Thirdly: A series of vertical wooden poles (with a tiny bit of rope dangling from the top). Just shimmy from pole to pole until the next rest point – either just hold the poles and risk sliding down, or hold the rope tight and use your feet to grip the poles as your work your way across. Either way this is a slow and very taxing section which looks like it should be much easier but just becomes a drain by the last two poles.
Finally: Basically some wooden pegs sticking out of a beam which you can monkey bar your way across. For me this felt like a relief after the wooden poles but even a simple set of monkey bars can become a nightmare after the time it can take on the previous three sections of this beast.
Arriving at the final section – the much dreaded ‘lake section’. Surprisingly this also appeared what felt like a lot sooner than was welcome (even at 2hrs into the race). This year we were treated to a couple of changes and new bits towards the end. Following yet another cargo net climb and very high flip over a beam we had the fun of the bow & arrow, monkey bars over the lake, and then a pause for a rest before the lake rope traverse. This was the obstacle that very nearly finished me off last year and the one I have been dreading all year round.
I arrived this year feeling ok and bizarrely confident that I might make it all the way. It was definitely worth waiting for a clean rope as another person on with you can shake things around so much that it doubles the difficulty (not to mention the guy we watched dangling taking a rest halfway only to be caught up by someone else who proceeded to just climb over him). Dave (who I was running with) started about the same time although he went off a fair bit quicker – I was feeling fine the whole way, pretty sure I could do it even knowing how the last few metres are as the rope sort of goes uphill to reach the frame. The moment I noticed I had overtaken Dave however, my arms did the equivalent of that thing your bowels do when you reach the end of your street and they decide that you’re close enough to your toilet for their liking and just go to work, my energy just disappeared and I felt that one more movement would see me drop. I decided at that point that a second go wasn’t an option and wrapped my arms around the rope, shuffling my way painfully up the rope until I could reach out to latch on to the cargo net, lock myself in, and swing my legs for a rest.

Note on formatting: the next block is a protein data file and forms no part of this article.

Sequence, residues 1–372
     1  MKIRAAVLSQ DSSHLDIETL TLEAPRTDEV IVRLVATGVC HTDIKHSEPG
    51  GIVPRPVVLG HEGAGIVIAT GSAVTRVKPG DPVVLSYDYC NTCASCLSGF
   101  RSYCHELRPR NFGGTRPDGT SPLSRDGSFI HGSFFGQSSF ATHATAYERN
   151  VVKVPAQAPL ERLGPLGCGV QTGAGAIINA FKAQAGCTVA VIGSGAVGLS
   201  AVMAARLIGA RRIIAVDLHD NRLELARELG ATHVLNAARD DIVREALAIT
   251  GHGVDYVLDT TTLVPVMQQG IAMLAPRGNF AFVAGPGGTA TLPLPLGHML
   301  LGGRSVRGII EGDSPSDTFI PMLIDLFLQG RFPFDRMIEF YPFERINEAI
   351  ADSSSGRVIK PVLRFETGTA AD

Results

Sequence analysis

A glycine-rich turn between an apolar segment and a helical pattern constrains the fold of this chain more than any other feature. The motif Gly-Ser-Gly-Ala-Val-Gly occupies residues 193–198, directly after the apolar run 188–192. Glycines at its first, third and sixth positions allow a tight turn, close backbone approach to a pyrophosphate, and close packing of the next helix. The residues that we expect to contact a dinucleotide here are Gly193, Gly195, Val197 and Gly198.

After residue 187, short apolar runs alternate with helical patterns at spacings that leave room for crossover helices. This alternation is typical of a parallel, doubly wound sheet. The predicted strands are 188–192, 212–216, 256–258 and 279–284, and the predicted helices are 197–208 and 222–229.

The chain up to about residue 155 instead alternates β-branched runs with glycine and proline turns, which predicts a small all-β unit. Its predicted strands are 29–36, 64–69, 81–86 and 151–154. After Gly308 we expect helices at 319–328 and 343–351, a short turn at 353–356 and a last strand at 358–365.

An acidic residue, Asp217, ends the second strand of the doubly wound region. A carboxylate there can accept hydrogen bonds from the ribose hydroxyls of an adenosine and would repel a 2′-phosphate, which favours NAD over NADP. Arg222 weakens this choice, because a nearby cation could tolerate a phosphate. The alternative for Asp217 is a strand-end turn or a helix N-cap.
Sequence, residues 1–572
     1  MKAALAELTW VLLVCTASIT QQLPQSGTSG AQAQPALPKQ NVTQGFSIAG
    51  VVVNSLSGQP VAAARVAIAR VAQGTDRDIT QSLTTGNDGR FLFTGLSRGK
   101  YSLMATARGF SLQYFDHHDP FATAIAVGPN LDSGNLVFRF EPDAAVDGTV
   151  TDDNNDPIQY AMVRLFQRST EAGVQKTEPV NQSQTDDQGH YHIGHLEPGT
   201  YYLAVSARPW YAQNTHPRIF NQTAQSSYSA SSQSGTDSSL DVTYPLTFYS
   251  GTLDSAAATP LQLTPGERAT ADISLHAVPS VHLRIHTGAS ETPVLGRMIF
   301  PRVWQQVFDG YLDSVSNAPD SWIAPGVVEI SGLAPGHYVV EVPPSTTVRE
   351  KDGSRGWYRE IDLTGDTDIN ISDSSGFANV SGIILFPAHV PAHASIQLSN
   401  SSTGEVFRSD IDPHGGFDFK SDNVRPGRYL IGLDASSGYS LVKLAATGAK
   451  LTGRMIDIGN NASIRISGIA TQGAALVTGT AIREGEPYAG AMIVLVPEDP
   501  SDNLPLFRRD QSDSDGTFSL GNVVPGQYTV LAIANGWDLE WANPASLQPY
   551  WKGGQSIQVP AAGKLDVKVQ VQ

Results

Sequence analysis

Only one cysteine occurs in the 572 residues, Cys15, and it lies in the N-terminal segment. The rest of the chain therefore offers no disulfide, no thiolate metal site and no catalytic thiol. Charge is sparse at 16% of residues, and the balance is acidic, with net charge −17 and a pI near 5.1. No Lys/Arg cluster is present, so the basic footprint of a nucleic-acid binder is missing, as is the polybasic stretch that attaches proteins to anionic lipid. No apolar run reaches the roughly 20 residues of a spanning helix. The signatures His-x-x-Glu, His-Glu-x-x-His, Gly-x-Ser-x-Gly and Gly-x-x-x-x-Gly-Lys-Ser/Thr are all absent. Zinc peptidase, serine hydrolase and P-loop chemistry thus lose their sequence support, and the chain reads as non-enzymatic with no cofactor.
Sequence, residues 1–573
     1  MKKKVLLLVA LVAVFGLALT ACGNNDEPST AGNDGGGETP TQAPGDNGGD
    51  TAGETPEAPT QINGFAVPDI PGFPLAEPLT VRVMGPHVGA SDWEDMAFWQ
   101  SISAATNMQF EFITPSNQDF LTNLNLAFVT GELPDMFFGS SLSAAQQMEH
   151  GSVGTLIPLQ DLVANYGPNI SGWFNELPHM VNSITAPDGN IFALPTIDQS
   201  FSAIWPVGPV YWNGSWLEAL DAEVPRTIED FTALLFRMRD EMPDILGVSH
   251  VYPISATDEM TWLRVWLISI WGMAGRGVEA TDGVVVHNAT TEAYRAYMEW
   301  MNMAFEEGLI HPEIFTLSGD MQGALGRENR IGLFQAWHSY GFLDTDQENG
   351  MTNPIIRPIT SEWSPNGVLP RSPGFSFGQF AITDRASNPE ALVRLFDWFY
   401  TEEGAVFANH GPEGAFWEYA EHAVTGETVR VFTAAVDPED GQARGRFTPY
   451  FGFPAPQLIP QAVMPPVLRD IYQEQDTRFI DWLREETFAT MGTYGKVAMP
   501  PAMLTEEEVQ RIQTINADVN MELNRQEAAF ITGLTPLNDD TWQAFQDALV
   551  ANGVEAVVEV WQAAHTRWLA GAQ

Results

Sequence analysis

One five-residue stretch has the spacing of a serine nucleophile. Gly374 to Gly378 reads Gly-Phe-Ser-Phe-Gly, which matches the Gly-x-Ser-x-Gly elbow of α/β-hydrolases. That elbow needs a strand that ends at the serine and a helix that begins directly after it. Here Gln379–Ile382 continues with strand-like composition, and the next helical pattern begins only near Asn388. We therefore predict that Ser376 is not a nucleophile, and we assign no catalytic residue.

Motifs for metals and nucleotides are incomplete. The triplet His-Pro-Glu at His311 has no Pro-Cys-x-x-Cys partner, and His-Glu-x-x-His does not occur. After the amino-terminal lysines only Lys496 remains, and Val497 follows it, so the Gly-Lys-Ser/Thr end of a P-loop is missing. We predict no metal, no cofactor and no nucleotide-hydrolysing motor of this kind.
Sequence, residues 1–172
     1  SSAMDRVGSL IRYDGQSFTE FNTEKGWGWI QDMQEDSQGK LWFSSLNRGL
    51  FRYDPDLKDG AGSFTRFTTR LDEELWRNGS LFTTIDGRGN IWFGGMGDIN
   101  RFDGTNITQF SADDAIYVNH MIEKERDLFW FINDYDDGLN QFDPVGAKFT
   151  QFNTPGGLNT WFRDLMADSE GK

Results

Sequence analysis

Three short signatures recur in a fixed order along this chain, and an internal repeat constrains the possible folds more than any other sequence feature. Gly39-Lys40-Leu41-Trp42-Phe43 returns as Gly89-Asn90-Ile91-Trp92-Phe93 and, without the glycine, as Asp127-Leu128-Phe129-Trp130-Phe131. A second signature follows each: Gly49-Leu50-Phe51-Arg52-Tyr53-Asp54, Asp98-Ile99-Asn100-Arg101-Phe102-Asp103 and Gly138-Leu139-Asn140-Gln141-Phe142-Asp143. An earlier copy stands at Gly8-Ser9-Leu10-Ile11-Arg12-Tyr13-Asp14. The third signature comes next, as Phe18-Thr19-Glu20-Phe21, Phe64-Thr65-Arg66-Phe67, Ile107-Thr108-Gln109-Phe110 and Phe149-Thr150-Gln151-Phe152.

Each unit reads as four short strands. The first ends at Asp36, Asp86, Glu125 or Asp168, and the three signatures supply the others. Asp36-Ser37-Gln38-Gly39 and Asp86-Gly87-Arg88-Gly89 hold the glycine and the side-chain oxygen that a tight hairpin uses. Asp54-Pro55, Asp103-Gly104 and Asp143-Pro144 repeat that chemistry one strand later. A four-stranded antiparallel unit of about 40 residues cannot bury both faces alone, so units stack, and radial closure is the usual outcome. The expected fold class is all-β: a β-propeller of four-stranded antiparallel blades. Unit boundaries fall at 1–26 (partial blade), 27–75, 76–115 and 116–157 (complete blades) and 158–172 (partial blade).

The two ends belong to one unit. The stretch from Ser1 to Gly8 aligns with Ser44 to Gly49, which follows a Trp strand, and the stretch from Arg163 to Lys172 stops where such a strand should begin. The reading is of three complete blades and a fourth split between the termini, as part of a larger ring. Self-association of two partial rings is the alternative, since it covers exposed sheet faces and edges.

This was an incredible relief to reach and I really can’t stress how painful it was on the backs of my knees and inner elbows. Also another reason why running with someone else is such a benefit – the chance to rest here as Dave caught up was invaluable and I got to watch another guy slip on the rope and slide all the way to bum Dave right in the face. Right.In.The.Face.